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Wood fitted to curved steel

This page is about restoring a caboose for the Rambler train. Ride it yourself, here's a link for more info:
Ride the Rambler!Ride the Rambler!

On the first page that I made about this caboose, it says that I thought the caboose is supported by wood, with some sort of steel structure in there. Now it looks like the structure is all large angle iron, with wood fitted in that. The wood no doubt adds some strength; but considering that it's cut from a wide piece of wood, and not bent like a steam bending process, I think the structural value of this wood is limited, compared to the steel. It makes a good place to drive nails to hold the roof and sides on though. On one end of the caboose, the fitted wood had to be replaced. The first picture shows the fitted wood after the facia board has been removed.
Replacement timeReplacement time
The next two pictures show the fitted wood and facia board laying on the shop floor. In the second picture, the arrow shows how the fitted boards were arranged. There are two layers of curved cut boards put into the angle iron; the outer one was solid, one piece cut from a 2 X 10. The second layer was two boards; they also appeared to be cut from a 2 X 10, because I found a tag still stapled on the end of one. Why this inner layer was two boards instead of one, like the outer layer, I'm not sure. The inner layer is thinner, only 1 inch thick, whereas the outer layer was the original 1.5 inches thick. It might be that the craftsman was using a circular saw to make this thick rip cut, and didn't want the radius to interfere with the cut. That, or it was just too awkward. A close examination showed that the inner boards were ripped twice to get that 1 inch thickness; I could see this from the saw tooth marks in the wood.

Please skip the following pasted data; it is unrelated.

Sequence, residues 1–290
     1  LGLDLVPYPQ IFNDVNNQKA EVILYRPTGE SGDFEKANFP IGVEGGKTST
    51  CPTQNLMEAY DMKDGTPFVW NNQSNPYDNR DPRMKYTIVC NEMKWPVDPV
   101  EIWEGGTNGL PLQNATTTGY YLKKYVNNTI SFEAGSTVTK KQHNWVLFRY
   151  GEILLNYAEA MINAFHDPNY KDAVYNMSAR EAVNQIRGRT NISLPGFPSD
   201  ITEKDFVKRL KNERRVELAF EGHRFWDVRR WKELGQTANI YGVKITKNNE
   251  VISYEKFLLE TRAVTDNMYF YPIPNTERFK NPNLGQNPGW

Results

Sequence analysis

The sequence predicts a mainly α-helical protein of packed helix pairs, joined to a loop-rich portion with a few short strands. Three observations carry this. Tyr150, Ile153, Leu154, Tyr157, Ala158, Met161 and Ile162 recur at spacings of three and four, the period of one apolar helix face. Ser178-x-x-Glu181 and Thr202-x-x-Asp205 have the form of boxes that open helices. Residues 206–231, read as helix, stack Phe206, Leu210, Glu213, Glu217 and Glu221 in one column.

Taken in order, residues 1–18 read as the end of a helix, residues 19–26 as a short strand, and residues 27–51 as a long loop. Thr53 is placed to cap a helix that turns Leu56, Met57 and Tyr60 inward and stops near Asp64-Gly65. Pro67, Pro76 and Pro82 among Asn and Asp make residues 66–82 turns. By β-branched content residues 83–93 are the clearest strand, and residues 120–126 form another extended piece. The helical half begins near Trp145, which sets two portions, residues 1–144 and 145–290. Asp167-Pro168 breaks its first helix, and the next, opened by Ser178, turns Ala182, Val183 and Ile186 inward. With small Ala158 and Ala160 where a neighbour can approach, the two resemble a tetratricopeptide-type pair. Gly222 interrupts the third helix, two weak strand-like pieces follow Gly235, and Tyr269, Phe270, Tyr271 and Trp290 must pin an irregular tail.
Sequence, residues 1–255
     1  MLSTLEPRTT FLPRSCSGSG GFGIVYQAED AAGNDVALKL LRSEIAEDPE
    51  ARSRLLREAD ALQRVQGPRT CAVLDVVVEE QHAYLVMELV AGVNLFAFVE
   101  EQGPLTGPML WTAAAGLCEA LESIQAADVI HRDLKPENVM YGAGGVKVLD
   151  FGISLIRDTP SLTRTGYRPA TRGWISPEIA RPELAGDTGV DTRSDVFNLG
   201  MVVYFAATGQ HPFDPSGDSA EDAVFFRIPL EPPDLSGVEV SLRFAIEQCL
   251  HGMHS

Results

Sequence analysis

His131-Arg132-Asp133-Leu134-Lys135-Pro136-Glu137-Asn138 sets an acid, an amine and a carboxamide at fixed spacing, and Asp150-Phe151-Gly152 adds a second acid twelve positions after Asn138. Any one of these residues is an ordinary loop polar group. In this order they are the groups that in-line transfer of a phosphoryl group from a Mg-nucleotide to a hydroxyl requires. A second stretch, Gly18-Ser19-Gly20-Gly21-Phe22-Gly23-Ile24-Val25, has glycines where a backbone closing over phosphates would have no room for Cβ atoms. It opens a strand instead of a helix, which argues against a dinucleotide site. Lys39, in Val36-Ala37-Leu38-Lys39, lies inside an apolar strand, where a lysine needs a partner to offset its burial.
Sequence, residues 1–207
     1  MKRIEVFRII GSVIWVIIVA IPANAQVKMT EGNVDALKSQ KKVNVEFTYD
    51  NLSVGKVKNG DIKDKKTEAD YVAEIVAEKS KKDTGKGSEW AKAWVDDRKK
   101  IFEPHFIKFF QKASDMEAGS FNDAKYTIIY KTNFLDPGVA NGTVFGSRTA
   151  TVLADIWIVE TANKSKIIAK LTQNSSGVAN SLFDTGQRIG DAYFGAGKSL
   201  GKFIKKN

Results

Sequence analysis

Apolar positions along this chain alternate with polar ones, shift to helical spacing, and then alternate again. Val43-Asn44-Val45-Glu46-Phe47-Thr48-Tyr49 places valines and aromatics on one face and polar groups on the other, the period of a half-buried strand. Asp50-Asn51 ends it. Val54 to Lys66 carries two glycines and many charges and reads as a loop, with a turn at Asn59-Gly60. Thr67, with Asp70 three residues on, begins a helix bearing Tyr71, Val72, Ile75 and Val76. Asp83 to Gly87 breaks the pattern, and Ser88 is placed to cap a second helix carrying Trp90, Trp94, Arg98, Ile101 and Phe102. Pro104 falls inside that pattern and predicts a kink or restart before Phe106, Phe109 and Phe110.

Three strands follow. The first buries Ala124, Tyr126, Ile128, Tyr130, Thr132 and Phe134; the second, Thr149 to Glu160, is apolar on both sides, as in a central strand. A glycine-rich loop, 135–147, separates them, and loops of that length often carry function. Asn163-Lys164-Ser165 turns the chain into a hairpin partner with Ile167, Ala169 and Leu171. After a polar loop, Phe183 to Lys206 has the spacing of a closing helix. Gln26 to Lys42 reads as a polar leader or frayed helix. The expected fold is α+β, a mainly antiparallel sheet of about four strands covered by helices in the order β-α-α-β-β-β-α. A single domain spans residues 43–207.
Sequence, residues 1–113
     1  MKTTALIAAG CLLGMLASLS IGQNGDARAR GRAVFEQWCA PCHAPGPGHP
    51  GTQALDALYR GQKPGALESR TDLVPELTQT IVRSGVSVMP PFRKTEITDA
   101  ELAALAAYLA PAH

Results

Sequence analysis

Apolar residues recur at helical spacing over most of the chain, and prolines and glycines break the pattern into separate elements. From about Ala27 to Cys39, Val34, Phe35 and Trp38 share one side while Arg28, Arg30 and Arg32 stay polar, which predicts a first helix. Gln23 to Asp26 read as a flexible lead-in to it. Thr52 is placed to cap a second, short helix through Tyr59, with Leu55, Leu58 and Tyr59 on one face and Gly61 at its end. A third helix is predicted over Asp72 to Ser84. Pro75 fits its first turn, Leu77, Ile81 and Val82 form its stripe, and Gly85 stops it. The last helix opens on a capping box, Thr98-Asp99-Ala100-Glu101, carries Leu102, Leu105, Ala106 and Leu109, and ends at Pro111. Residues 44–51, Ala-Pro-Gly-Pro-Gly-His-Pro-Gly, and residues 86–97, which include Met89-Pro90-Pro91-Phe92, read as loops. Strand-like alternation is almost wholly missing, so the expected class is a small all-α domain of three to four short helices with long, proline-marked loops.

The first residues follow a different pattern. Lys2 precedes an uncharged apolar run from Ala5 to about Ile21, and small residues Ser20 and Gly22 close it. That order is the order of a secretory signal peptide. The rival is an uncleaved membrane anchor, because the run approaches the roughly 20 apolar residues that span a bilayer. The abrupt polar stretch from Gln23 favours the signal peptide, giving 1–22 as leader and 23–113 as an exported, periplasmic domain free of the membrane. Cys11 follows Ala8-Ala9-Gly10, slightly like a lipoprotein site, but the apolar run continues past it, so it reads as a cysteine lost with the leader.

Fitted wood and facia boardFitted wood and facia board
Fitted wood 2Fitted wood 2
I used decking screws to put the layers back together, then used that as a pattern for the new pieces. I bought new wood cutting blades for my old Milwalke Sawzall; and tried cutting the Yellow Pine 2 X 10. the progress was painfully slow, and inaccurate. I was going to have to find somebody with a big bandsaw, or try a different tool. I have done a curved cut with a circular saw before, but wasn't sure if this radius was slow enough. I thought I might need to cut off successfully smaller corners, then finish it with a belt sander; or, jog the circular saw foward and back while gaining more of a curve as I slowly made the cut. Neither option was necessary; I guess the set of the teeth made a wide enough kerf for me to nicely handle this cut. I was very pleased with the results, you can see them in the next two pictures. The only tip I can give is to adjust the blade just deep enough to cut the thickness of the wood. That way, there's less width of blade front to back, to hinder a turning motion.
Circular saw goes artisticCircular saw goes artistic
No sander requiredNo sander required
The next picture shows the top of the table saw, with the fence set 1 inch away from the blade; and the inner piece after being rip cut.
Weird rip cutWeird rip cut